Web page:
Oracle Database Server Combines OLTP, Data Warehouse Abilities

Database data warehousing processing

The system is based on server hardware from Sun Microsystems, which Oracle is in the process of acquiring for $7.4 billion. That apparently leaves Hewlett-Packard, which provided the hardware for the first generation of the Exadata system, out of the picture.

But the move demonstrates Oracle's commitment to Sun's server and storage hardware. Some have questioned whether Oracle, primarily a software company, would continue to develop Sun's hardware technology after the acquisition.

"Version one wasn't a bad effort. It was the fastest database machine in the world," said Oracle CEO Larry Ellison in a Webcast, speaking of the original Exadata system that debuted at Oracle OpenWorld last year. But he said the capabilities of the new Sun Oracle Exadata Database Machine Version 2 far surpass the older system in performance, in addition to its ability to perform both OLTP and data warehousing tasks.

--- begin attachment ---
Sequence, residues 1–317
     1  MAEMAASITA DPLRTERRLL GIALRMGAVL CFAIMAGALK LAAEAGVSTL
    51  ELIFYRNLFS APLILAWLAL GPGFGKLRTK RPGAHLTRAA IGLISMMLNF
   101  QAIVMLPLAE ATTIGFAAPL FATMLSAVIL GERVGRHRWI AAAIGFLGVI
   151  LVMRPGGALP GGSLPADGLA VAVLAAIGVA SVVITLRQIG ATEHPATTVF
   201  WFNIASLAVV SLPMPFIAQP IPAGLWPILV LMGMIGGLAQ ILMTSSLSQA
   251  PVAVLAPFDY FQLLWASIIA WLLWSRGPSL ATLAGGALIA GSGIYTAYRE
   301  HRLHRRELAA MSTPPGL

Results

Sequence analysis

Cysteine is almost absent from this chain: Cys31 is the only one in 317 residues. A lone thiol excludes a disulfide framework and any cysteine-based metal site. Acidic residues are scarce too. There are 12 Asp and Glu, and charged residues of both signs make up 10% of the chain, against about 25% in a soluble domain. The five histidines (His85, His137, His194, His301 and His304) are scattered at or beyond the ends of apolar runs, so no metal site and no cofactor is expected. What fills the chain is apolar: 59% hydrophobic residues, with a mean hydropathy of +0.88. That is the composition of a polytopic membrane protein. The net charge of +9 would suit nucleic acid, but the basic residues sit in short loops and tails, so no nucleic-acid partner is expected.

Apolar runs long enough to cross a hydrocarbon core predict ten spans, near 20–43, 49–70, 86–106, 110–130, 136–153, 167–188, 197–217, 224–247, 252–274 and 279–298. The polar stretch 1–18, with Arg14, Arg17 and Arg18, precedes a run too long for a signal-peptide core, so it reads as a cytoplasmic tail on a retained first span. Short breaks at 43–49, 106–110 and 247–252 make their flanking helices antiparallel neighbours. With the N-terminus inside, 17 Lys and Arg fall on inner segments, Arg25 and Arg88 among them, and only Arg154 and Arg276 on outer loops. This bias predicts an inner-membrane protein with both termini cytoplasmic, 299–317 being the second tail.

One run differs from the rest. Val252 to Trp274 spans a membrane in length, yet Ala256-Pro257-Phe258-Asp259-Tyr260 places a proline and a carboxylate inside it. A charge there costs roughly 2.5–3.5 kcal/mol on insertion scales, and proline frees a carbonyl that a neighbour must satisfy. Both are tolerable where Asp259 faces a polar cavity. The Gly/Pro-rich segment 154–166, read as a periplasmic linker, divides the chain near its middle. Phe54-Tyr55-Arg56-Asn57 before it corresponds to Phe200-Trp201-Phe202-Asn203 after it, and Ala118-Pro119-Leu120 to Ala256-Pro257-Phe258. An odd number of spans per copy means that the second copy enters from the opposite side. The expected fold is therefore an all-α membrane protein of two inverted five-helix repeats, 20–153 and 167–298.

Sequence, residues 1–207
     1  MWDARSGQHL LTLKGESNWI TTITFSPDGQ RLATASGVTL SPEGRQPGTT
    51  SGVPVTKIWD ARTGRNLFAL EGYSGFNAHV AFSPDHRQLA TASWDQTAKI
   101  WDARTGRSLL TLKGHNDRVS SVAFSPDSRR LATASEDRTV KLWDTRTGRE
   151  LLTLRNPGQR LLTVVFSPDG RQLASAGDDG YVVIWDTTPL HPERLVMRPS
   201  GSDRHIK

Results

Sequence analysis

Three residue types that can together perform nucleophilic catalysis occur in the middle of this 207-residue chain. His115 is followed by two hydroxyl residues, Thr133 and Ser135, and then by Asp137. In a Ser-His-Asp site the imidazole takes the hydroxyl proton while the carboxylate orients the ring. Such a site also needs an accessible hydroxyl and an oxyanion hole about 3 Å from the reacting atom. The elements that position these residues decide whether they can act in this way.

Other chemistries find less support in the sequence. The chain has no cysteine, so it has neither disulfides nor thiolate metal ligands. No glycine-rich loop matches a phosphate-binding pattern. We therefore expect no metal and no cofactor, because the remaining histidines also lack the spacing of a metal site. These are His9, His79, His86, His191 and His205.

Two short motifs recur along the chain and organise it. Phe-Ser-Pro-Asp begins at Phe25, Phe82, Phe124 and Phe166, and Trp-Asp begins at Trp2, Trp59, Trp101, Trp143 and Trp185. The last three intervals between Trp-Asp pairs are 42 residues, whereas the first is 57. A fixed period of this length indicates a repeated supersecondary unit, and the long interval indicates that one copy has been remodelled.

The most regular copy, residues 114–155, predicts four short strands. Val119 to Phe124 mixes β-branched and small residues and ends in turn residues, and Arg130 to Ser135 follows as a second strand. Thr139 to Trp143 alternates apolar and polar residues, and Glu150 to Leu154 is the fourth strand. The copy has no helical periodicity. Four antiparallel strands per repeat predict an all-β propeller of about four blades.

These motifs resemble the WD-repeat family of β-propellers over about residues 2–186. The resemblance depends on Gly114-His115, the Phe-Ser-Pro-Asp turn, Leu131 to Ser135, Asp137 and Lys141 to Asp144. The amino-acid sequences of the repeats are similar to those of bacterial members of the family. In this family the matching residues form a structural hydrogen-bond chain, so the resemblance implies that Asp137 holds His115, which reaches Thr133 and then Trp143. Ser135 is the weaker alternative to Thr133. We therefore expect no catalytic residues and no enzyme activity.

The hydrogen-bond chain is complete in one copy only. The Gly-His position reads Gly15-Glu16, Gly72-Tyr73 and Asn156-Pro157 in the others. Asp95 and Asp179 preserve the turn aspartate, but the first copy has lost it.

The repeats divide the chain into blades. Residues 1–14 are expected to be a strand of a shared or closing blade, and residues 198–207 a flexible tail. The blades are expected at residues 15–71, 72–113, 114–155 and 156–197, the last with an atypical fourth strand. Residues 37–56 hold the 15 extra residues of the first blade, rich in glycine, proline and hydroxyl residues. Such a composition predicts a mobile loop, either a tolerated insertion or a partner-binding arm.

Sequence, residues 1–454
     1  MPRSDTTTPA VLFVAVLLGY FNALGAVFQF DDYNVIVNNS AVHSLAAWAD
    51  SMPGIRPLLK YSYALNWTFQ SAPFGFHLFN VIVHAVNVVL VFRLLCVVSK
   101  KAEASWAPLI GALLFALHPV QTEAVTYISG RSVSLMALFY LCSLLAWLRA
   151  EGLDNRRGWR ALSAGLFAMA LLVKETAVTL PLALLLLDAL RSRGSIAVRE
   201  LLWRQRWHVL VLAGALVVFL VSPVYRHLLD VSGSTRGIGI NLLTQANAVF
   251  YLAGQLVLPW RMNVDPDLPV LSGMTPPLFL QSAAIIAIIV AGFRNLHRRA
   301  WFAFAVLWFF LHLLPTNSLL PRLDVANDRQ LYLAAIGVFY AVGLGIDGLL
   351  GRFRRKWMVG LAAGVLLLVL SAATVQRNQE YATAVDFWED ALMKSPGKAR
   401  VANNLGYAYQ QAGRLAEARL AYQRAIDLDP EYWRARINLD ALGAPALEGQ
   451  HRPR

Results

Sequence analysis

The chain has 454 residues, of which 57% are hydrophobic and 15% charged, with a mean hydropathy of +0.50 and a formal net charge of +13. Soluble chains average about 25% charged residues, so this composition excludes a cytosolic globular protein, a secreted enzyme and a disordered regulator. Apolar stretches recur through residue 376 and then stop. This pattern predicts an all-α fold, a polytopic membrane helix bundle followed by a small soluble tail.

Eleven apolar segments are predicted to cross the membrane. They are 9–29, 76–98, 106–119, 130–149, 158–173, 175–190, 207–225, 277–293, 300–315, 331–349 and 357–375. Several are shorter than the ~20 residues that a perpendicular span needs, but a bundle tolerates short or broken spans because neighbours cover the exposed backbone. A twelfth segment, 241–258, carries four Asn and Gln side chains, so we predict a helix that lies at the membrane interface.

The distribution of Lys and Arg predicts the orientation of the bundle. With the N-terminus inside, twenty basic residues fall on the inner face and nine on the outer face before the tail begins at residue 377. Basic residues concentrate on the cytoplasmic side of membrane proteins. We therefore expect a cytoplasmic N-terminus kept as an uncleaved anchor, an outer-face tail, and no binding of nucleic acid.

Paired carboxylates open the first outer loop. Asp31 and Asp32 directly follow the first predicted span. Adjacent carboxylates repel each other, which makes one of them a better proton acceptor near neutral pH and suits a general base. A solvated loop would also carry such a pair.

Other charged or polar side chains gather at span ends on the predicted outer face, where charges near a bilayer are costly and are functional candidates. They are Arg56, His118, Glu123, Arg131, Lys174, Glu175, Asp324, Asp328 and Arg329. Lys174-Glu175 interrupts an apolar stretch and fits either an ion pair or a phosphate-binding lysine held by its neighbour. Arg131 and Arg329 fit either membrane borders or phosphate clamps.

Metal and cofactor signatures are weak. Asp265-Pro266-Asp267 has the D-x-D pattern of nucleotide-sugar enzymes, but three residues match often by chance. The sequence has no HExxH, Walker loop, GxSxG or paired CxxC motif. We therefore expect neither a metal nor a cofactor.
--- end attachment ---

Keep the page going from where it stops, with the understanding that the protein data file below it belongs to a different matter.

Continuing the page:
Data warehousing and OLTP applications place very different demands on a computer, and designing one system to do both is a challenge. Data warehouses analyze large volumes of data and require lots of number-crunching capacity, while OLTP systems process thousands, even millions of transactions per second and place huge demands on a computer's input/output (I/O) subsystems.

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The first Exadata system was primarily designed for data warehousing applications, putting it in the same class as systems from Teradata and Netezza. Ellison said the new system doubles the data warehouse processing speed of the first system, in addition to the new OLTP capabilities that can handle 1 million random I/O transactions per second.

"We can do both and we do both very well," Ellison said.

The addition of Sun's FlashFire solid-state drive technology, which Oracle is calling Exadata Smart Flash Cache, is what gives the system its high-performance OLTP ability. The system uses Intel Xeon 5500 Series processors, 40-Gbps InfiniBand interconnect technology and Oracle's new 11g Release 2 database software. The system is fault-tolerant and is expandable by adding processing and data storage modules.

The price for a basic Exadata Database Machine Version 2, which Ellison also called a "quarter rack," is $110,000, while a "full rack" system carries a price tag of $1.1 million.